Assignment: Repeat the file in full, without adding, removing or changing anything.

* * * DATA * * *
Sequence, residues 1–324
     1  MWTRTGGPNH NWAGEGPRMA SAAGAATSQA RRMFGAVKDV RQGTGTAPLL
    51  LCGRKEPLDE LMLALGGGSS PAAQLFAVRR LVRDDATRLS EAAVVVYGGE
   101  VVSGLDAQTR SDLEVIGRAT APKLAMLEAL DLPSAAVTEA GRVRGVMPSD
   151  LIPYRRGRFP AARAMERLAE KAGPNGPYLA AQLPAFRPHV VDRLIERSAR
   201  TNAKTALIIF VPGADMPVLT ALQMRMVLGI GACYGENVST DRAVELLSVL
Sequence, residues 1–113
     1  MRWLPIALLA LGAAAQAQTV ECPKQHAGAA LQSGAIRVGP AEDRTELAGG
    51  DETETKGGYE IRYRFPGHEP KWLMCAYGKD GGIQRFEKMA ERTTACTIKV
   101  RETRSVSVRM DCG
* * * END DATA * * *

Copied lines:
Sequence, residues 1–324
     1  MWTRTGGPNH NWAGEGPRMA SAAGAATSQA RRMFGAVKDV RQGTGTAPLL
    51  LCGRKEPLDE LMLALGGGSS PAAQLFAVRR LVRDDATRLS EAAVVVYGGE
   101  VVSGLDAQTR SDLEVIGRAT APKLAMLEAL DLPSAAVTEA GRVRGVMPSD
   151  LIPYRRGRFP AARAMERLAE KAGPNGPYLA AQLPAFRPHV VDRLIERSAR
   201  TNAKTALIIF VPGADMPVLT ALQMRMVLGI GACYGENVST DRAVELLSVL
Sequence, residues 1–113
     1  MRWLPIALLA LGAAAQAQTV ECPKQHAGAA LQSGAIRVGP AEDRTELAGG
    51  DETETKGGYE IRYRFPGHEP KWLMCAYGKD GGIQRFEKMA ERTTACTIKV
   101  RETRSVSVRM DCG